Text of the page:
THE O’JAYS: ‘The Best Of The O’Jays’ (United Souls)

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Though their name is synonymous with Philadelphia, the so-called “City of Brotherly Love,” The O’Jays hailed from Canton, Ohio, in the US Midwest, and had enjoyed a string of US R&B chart entries for the Imperial, Bell, and Neptune labels between 1963 and 1970  before they landed at Philadelphia International in 1972. It was from that point, though, under the aegis of songwriters and producers Kenny Gamble and Leon Huff, that the group consisting of Eddie Levert, Walter Williams, and William Powell became soul music superstars, scoring an R&B No. 1 with ‘Back Stabbers,’ their debut single for the CBS-distributed company. Alongside The Three Degrees and Billy Paul, The O’Jays helped to put Philadelphia on the soul music map in the early ’70s, scoring a stack of memorable hit singles and albums that brought them immortality. 

The group’s fertile Philadelphia years are chronicled by this double vinyl LP, ‘The Best Of The O’Jays,’  released via the new Snapper imprint, United Souls. Spanning 1972 to 1984, it contains sixteen of the group’s most famous tunes; ranging from the passionate Utopian anthem ‘Love Train’ to ‘For The Love Of Money,’ a gritty fable about the so-called “root of all evil”  built on a monster of a bass line, and the charging disco groove,  ‘I Love Music.’  The set also includes the group’s original 1973 version of ‘Now That We Found Love,’ which, curiously, was never released as a single. (It took the Jamaican reggae group Third World to take it into the charts five years later). The group’s gospel foundations can be detected in ‘Livin’ For The Weekend,’  with its fervent call and response cadences; after a slow bluesy intro, it explodes into a pulsating dance track driven by churchy piano chords that are enhanced by slick orchestration.  Other gems on the compilation include ‘992 Arguments,’ the chart-topping  ‘Use Ta Be My Girl,’ and the sweetly soulful ‘Brandy,’ which all illustrate the group’s dynamic vocals meshing perfectly with Gamble & Huff’s sparkling production sound.  It was a musical marriage made in heaven and is probably why the songs on this LP sound so good today. A great overview of one of soul music’s most important vocal groups.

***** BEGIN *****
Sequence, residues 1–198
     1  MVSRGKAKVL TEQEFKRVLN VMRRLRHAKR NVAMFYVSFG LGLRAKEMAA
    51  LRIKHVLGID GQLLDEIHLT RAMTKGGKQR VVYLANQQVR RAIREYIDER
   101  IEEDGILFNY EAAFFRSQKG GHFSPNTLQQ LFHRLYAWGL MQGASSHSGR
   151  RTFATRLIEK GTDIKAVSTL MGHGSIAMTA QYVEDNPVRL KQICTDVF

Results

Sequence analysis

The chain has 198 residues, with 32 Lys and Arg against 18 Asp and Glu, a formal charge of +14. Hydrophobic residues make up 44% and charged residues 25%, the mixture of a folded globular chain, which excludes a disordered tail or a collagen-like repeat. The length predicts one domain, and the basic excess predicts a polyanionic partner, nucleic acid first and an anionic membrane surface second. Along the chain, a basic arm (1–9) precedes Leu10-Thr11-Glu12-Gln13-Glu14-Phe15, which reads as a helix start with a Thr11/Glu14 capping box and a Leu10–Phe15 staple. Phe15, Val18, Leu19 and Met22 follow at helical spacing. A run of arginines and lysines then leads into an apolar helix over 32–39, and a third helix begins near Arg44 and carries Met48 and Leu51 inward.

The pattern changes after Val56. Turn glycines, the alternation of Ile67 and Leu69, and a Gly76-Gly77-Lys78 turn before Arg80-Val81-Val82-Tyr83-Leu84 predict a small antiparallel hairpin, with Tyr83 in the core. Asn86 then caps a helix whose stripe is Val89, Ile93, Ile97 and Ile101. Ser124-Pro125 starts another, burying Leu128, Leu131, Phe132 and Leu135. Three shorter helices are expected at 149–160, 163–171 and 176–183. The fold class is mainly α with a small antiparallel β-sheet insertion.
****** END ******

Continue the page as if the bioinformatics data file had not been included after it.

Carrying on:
(CW)  4/5